General Discussion / Re: the cost of a btu
« on: December 20, 2007, 04:30:06 PM »
The main reason that diesel in the winter goes up is not because of the changeover in refineries(plays a small part) but because of pure and plain science.  When they refine oil the is so much propane, so much gasoline, so much kerosene, so much diesel, so much bunker oil, and so much asphalt that comes out per gallon of crude.  The companies can change the ratios slightly but not by much.  When Caterpillar brought out there diesel engine tractors in the 1930's they didn't sell it for the fuel economy in their sales brochures.  They sold it cause diesel was dirt cheap.  Because gasoline was the standard fuel, diesel was a byproduct, very few used it.  Same with kerosene.  As trucks, trains, boats,jets,and home heat has switched over to these cheap fuels, then it became more than a byproduct into a main product.  Propane exploded in popularity in the 50's because again, it was a waste product that most refineries just flared off but it's popularity have brought it to a main product status.  As has natural gas that is extracted in the oil wells, landfills, and coal mines. 

In the winter with heating needs rising, transportation and heating compete for a finite supply(refinery capacity, which hasn't grown in this country in years because of environmental laws make it near impossible to do so.)  Diesel is not that much more efficient than gas engines when you measure pounds of fuel burned per hp.(All oil base fuel have very close btu's per pound measurements.  The constellation engines exceeded the fuel efficiency  of many diesels in their day and is close to many modern diesels.  Large ground transportation (class 4-8 trucks and large equipment)  gas engines did not receive any research and development and I am convinced that with turbos,turbo compounding,  multiple spark plugs, modern fuel injection/computer ignition, overhead valves, that these large engines would have reaped the same lbs per hp that their diesel counterparts and light vehicle (gas and diesel) engines get.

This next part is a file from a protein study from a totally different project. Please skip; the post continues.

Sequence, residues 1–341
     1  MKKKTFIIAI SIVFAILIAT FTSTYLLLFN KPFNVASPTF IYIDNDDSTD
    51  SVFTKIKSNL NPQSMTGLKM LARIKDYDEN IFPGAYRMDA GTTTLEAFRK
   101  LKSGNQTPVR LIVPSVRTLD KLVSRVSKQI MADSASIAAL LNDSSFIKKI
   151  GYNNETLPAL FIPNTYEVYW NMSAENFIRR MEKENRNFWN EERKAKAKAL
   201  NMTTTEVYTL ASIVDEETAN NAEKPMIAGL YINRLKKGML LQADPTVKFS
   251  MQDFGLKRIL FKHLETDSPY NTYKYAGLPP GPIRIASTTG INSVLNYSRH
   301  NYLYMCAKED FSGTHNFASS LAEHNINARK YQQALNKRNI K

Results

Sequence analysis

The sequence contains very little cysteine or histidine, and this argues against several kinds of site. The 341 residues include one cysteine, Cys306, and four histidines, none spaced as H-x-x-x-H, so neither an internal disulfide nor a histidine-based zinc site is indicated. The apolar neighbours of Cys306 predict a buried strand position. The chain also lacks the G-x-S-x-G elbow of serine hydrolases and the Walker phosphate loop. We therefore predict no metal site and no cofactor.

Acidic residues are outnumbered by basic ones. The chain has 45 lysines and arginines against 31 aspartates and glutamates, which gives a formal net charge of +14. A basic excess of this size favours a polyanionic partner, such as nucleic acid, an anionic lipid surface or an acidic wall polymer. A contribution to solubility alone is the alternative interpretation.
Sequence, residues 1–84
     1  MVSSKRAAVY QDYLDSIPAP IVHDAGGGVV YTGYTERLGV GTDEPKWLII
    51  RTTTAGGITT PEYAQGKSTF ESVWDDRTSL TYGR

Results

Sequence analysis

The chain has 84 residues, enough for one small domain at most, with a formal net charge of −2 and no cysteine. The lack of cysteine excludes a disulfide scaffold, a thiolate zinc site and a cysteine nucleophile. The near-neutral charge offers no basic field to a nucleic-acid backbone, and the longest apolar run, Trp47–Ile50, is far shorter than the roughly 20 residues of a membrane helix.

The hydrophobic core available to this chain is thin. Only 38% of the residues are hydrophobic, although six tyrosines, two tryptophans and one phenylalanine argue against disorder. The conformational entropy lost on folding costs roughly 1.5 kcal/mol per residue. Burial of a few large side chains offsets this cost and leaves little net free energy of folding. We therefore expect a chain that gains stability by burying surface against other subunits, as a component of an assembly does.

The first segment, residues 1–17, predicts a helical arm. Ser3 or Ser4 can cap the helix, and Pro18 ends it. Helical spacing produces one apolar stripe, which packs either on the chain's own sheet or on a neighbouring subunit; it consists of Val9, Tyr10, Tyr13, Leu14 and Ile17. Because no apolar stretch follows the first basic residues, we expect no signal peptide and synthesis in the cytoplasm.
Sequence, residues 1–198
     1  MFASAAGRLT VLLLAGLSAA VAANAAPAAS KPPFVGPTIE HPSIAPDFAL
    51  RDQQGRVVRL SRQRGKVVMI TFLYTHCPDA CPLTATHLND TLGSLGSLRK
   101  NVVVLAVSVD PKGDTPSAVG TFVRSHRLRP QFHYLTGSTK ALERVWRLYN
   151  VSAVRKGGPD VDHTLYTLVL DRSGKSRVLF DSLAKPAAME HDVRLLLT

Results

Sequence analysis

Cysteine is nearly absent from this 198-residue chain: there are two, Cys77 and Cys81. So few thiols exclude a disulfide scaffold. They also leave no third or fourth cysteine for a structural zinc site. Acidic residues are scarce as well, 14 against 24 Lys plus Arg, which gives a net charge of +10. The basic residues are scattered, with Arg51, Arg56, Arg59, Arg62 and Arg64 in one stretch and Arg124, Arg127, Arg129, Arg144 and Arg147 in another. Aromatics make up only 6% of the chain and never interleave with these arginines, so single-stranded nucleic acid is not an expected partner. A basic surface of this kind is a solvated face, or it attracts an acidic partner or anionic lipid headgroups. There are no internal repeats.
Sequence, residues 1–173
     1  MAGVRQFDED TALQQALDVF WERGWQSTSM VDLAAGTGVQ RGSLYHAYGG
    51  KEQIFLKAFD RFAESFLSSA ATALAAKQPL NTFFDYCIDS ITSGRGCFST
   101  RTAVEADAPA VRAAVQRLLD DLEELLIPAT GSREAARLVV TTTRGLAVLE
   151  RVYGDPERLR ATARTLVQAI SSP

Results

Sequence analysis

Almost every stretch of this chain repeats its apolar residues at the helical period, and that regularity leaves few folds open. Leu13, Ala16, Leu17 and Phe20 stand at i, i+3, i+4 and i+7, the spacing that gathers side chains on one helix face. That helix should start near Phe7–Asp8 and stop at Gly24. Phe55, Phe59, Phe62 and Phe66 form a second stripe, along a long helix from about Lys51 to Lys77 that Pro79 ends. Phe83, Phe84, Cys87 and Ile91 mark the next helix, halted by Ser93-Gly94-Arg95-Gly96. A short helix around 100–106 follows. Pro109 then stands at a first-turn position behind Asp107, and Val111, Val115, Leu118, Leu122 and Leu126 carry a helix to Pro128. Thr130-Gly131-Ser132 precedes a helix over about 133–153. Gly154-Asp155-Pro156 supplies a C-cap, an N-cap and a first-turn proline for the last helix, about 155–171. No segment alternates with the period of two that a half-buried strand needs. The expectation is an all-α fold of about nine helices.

Everyone is so engrossed with MPG that they don't look at the true picture of MPD miles per dollar or miles per Btu.  Do the math, whether comparing a 3/4 ton gas and diesel pickups, or a efficient gas car to a diesel or hybrid counterpart, the gas engine will cost less in the total lifespan and in btu's, and that is comparing diesel when it was 10 cents cheaper than gas, not more expensive like it is now.  (If you can regularly use waste oil then this doesn't compare,at least in MPD, but most can't)

Listeroid Engines / Re: 6/1 versus 12/2??